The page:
Defects in visual processes both in the peripheral and in the central level give rise to visual hallucinosis, which is a quite frequent PD complication, its clinical manifestations and pathogeny are similar to Charles Bonnet hallucinosis. Visual hallucinosis in PD results from a complicated interaction of cognitive, affective, medicinal, sensory and other factors determining its features in each case [32,39,40].


In conclusion, number of visual disturbances associated with specific disorders at all levels of the visual system organization are characteristic of Parkinson's disease. Main problems of visual disorders in PD includes changes in color vision and contrast sensitivity, change in the electrophysiological properties of the retina due to the insufficiency of the retinal dopaminergic system, features of visual field defects, visuospatial and visuoperceptual impairments. These visual deficits cause problems in the performance of everyday visual tasks, including reading, mobility activities, walking, driving, orientation in space, which makes a significant contribution to Parkinson's inability and makes the patient's social adaptation difficult. Despite the growing interest of researchers and a large number of publications on this issue, the following questions still require further research:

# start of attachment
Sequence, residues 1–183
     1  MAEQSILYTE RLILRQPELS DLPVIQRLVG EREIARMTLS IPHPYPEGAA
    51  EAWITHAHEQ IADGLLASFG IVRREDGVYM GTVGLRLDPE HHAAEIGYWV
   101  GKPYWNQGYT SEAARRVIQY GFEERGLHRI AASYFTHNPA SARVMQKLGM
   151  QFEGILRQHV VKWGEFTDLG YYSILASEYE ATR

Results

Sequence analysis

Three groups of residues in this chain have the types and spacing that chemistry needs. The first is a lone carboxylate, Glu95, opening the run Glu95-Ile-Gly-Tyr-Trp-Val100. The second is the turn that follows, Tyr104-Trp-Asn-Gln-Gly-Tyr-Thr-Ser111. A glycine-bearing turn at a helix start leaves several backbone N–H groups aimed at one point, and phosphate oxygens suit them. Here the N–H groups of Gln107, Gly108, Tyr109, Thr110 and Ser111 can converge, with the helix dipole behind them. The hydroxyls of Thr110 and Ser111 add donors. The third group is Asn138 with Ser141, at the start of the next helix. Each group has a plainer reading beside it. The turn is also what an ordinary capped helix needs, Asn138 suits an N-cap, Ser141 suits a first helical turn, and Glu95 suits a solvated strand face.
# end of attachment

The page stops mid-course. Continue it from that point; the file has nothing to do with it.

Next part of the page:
1. How are visual disorders related to other PD symptoms?
  2. Can certain types of visual impairments be used as predictors as to progress rate of the disease and emergence of complications?
  3. Can specific visual impairments found in a patient be used as a basis for early differential diagnostics of PD and atypical Parkinsonism?

With regard to the variety of impairments, the problem discussed here covers many fields of knowledge and dealing with it requires psychophysiological and cutting-edge instrumentative methods, as well as contribution of neuroophthalmologists, neuropsychologists and neurophysiologist.

Conflict of Interest